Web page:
So now I simply have to really adjust the Geometry of the information such as the grades, and maybe the location for this PVI, so as to get a better design of my profile. And this is where the Grid View really shines. We looked at the Grid View before with alignments. But with alignments we really don't have that much Geometry or ability to make adjustments, whereas here we have the ability to not only change the station and the elevation, but also the Grades In and Outs, and for the curves we have the same types of entries that we can use to make adjustments, such as the K value, curve length and so forth.
So let's change our grade going out, negative two, and so we have 293 so we're a little tight up against this wall. I really want to have negative two coming into the curve and positive two going out. So that means I need to change my PVI to something maybe along Station 850, maybe even more. I'm getting warmer, as you see they're getting closer in grades, and notice it's immediate, so we immediately see all the changes in the model space.
And so you make these adjustments and find out what's the closest number to get to. This is where you're going to spend most of your time, as you adjust or create your profile design. You're going to spend it in your Profile Entities, or what they call the Grid View, in the Layout toolbar. And so we have all these different settings, we're so close, and there we go. Now we have negative two coming in and 2% going out and of course what is our K value? It stays at 30, but really I want a nice, round curve length more than a round K value.
So we'll set our curve length to 120, which makes sure that our K value is handled. And so we can make all these different adjustments. And notice how we made these adjustments, we used our actual Grips to graphically make edits, we used the ability to delete an entity to remove curves, we also used the ability to delete PVIs and then we spent a majority of the time in our Grid View. Now there is one additional editor that we haven't looked at.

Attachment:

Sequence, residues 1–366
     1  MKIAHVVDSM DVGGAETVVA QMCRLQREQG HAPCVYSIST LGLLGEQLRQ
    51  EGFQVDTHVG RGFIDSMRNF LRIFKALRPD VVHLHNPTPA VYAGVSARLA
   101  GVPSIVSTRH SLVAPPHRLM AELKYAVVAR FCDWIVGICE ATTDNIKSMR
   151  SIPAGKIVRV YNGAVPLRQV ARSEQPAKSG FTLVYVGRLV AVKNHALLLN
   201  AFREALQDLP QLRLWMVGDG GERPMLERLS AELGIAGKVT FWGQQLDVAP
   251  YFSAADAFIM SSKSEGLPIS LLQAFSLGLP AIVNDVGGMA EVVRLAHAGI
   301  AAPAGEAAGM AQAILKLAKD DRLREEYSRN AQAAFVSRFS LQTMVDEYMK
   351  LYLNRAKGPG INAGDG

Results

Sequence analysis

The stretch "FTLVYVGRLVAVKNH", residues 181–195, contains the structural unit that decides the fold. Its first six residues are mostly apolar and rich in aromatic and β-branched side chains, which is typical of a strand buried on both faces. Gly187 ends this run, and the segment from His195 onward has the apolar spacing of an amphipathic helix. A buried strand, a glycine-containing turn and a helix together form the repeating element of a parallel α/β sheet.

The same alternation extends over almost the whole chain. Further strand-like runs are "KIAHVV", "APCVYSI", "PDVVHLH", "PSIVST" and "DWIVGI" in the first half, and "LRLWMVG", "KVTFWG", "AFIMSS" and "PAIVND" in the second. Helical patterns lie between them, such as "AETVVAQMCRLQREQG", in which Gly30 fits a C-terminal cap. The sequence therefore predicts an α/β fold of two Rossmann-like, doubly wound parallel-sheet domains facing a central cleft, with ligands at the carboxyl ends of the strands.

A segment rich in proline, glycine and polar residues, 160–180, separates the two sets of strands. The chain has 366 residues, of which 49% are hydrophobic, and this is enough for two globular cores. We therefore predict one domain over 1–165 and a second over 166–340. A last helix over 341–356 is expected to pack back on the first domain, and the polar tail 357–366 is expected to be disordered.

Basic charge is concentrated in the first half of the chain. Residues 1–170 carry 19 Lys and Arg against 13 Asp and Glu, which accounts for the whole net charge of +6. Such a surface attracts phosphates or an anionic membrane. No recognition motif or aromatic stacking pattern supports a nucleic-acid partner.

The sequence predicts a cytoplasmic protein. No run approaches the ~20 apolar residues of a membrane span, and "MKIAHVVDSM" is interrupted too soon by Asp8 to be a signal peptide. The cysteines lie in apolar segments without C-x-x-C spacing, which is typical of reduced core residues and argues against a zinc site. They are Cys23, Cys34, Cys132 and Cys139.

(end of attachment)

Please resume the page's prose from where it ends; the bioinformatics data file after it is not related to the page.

It's called Profile Layout Parameters. It's similar to the Grid View, but when we open it up, we also need to define the method to fill the information into the parameters window. So I'm going to say Select PVI, I'm going to pick near that PVI, and so what it does is the Grid View or tabular information about the items that are connected with that PVI. The curves, the station and elevations and so forth.
But one key factor we do not find in our Grid View. This is where we can control the distance for our headlight, stopping and passing, depending of course on our curve type. So if this is key to our design, we can also make adjustments here so as to get a value that works. Now how does it know what is the height of the headlight? What is the angle, of course, of the headlight and so forth, that's all found in the feature settings in our drawing.
But we can only use those values in our Profile Layout Parameters. Using Profile Layout Parameters requires two clicks. Opening up the Parameters window, and then choosing the method to select and fill the information in to the Parameters window.
This course gets you up and running with AutoCAD Civil 3D. First, instructor Josh Modglin shows how to model a surface, lay out parcels, and design geometry, including the making of horizontal alignments and vertical profiles. Next, Josh demonstrates how to create corridors, cross sections, pipe networks, and pressure networks. Then, he covers working with feature lines and grading objects, and how to share your data. He wraps up by providing an overview of plan production tools.
- Navigating the Civil 3D interface
- Using point groups and description keys
- Importing survey data
- Managing figures
- Creating and analyzing surfaces
- Creating parcels
- Working with alignments
- Working with profiles and profile views
- Working with assemblies and subassemblies
- Creating Basic and Advanced Corridors
- Using an Intersection Object
- Making sample lines, cross sections, and section views
- Creating a pipe network
- Understanding pressure parts
- Creating and editing feature lines
- Creating and editing grading objects
- Sharing and referencing data
Skill Level Beginner
Some of the exercise files do not properly function.
This course was built to work with the latest release of AutoCAD Civil 3D. If you are not running AutoCAD Civil 3D 2018 there are some exercise files that will not work for you.